Messenger Apps Are Changing Mobile, to the Benefit of Brands

Evolving Into Platforms for Social Networks, Gaming and Commerce

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At this week's Mobile World Congress in Barcelona, the mega-event for all things mobile, the rapid rise of messenger apps surely will dominate conversations following Facebook's deal to acquire WhatsApp for a staggering $16 billion. This comes just after news that Japan's Rakuten is acquiring Viber, another messaging app, for $900 million.

The deals signal a shift that's fast changing mobile, as messaging apps evolve into platforms. Deloitte forecasts that in 2014, these services will deliver some 50 billion messages a day globally, as against 21 billion SMS messages. User numbers have climbed quickly for a crop of these services, with WhatsApp out ahead with 450 million monthly active users; more than 70 percent of them are active on a given day. South Korea's Line reports more than 350 million registered users, Viber and China's WeChat are closing in on 300 million.

At last year's Mobile World Congress, Viber's CEO Talmon Marco brashly told mobile operators that they only had themselves to blame -- having failed to innovate with SMS messaging -- for the revenue that messenger apps were suddenly stealing away. Indeed, mobile consumers have plenty of incentive to use messaging apps: Because they bypass the mobile operator, there's little or no cost to users. They also let people communicate in multiple ways -- benefiting from and helping to drive a trend toward a more visual communication culture -- and some also serve as social networks, gaming outlets and even commerce hubs.

As they expand their services, the apps are becoming an "alternative distribution channel," as Reuters puts it, or a quasi-operating system. Kik, for example, now features a built-in browser, allowing friends to surf the Web simultaneously. Rakuten will combine its e-commerce platform with Viber's messaging system. The more that these services enable users to do within the app, of course, the more data they can collect and, potentially, sell to advertisers.

For marketers, messenger apps usher in another opportunity to integrate into the fabric of consumers' mobile activity. In some markets, users are already spending much of their mobile time within these apps. One China-based WeChat user, a venture partner at 500 Startups, writes that she opens the app roughly 50 times a day; a cosmetics marketer tells The New York Times she spends hours a day in the app.

WeChat, owned by Tencent, may prove a model for how messaging apps can expand into platforms. It has a payment function and is integrated with Tencent's e-commerce platform, Yixun. Users can do everything from book taxis to invest in financial products, and Tencent is reportedly experimenting with new capabilities like using the app as a remote control. Last week Tencent announced a 20 percent stake in, a service that combines elements of Yelp and Groupon, with plans to integrate it (and its merchant network) into WeChat.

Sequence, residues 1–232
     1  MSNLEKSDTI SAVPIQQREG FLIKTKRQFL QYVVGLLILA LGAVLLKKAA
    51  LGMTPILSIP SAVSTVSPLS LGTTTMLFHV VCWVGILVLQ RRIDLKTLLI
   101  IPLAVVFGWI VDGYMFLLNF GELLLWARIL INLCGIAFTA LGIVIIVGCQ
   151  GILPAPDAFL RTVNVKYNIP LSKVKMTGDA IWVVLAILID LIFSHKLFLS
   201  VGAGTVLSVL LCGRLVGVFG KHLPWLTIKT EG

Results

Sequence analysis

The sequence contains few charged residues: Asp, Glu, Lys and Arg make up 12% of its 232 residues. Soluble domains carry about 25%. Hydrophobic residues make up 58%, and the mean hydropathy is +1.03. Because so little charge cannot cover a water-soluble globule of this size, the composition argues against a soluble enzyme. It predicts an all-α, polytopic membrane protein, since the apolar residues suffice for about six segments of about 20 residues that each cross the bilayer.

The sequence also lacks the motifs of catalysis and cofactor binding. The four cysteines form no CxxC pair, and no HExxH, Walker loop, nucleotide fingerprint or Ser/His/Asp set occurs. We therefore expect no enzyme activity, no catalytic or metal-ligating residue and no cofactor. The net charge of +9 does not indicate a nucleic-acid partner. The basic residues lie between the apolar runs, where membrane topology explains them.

WeChat is a friendly environment for marketers testing creative ways to engage users. As part of a "digital innovation" partnership with WeChat that Burberry announced last week, its Chinese fans were able to view the company's London Fashion Week women's wear show, personalize digital versions of runway pieces and see exclusive content by texting Burberry. "The exciting thing for us is the deeper and more meaningful way that we are able to tell our stories using this platform," said chief creative director Christopher Bailey in a statement.

At a more basic level, marketers are diving into messaging apps with branded stickers -- available for everything from Hello Kitty to the FC Barcelona team -- and creating branded profiles. Line, for instance, offers the Plus Friends platform for brands and celebrities; users can add these accounts to their contact list, then see updates in the chat dialogue format.

During a recent webinar on mobile trends, Forrester's Julie Ask noted that some Chinese ad agencies are recommending that brands embed micro-apps into WeChat, rather than launch stand-alone efforts. Ultimately many marketers will have to migrate to these platforms, as she explains in her blog: "Not every brand will earn a spot or be able to manufacture a mobile moment with me through an app on my phone. Brands are going to have to 'borrow mobile moments' by engaging with consumers on third-party platforms."

By evolving into a mini-hub for much of a mobile user's daily activity, messenger apps may solve some of the difficulties brands have faced in figuring out their place in the mobile ecosystem.

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